Pure coincidence. We never even talked about Vermeer that I can recall. But my sister did have the poster. So maybe Vermeer did have a presence in our family culture. It’s worth thinking about.
MS
Would you say your father had or has an influence on your writing style? Did he help you get into writing to begin with?

Jane
Yeah of course he did. I started writing poetry at about 15, and before then, my dad knew that I was into it- so he would ask what I thought of his poems as he wrote them. He also had a constant parade of poet friends who would come over and talk about craft. These conversations influenced me. I also sort of grew up within his style- A style I would characterize as elegant, strong and graceful. I hope that I emulate that. The challenge to be as good as he is has inspired me. as well. As far as the similarities and differences in our style, we both use plain accessible language, we are both image based poets and we both like to play with metaphor. However, we differ in that my dad tends to be very oblique when dealing with emotion or emotional subject matter. I went the opposite direction- most likely to establish my own ground or perhaps as a reaction to his style.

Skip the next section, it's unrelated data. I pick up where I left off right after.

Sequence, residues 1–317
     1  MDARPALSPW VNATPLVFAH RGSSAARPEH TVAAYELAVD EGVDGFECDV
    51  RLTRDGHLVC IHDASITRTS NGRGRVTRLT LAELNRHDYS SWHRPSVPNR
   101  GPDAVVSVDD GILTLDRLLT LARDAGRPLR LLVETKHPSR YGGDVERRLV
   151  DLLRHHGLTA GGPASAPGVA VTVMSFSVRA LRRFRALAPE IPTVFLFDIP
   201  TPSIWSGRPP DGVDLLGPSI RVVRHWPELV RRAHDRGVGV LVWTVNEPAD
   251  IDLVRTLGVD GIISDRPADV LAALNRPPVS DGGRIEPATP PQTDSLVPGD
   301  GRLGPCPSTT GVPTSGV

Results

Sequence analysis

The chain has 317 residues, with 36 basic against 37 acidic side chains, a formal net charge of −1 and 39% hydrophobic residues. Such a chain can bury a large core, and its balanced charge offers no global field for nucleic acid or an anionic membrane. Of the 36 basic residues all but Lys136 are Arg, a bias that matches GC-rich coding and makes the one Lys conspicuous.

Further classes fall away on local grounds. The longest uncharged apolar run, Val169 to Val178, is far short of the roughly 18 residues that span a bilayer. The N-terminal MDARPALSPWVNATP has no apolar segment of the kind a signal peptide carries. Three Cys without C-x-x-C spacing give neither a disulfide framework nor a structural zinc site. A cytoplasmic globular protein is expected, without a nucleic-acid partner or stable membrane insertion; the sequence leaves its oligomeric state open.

MS
I noticed that your writing voice “Crazy Jane” didn’t seem to be present in this book. Is she in there at all? Did you leave her out on purpose?

Jane
You’re right. Crazy Jane isn’t present in this book of poetry. That wasn’t on purpose, but it makes sense that she isn’t in this book because I think the Crazy Jane voice is my way of escaping from or differentiating myself from whatever emotional baggage I might have. I think crazy Jane is a voice that represents the wilder part of my psyche.

MS